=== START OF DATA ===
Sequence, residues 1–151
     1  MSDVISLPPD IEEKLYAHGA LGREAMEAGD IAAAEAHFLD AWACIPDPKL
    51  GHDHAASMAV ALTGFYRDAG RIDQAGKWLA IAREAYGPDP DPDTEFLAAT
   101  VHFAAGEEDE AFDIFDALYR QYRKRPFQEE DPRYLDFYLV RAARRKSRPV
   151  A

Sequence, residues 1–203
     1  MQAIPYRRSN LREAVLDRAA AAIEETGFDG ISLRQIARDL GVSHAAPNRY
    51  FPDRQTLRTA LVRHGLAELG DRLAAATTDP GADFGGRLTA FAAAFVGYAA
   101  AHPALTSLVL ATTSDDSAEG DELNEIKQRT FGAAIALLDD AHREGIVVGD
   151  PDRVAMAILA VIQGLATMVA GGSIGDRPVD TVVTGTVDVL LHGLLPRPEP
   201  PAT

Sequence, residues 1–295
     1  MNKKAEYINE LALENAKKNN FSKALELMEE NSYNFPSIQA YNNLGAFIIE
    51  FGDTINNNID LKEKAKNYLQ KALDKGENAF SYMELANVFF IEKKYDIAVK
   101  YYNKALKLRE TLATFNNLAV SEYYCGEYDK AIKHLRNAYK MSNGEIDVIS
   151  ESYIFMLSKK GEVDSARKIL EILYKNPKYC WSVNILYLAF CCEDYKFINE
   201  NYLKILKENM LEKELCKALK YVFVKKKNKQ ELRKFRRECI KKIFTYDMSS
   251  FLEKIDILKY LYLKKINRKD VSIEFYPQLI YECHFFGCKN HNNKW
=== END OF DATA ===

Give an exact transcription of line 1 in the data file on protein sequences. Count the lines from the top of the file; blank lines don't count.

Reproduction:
Sequence, residues 1–151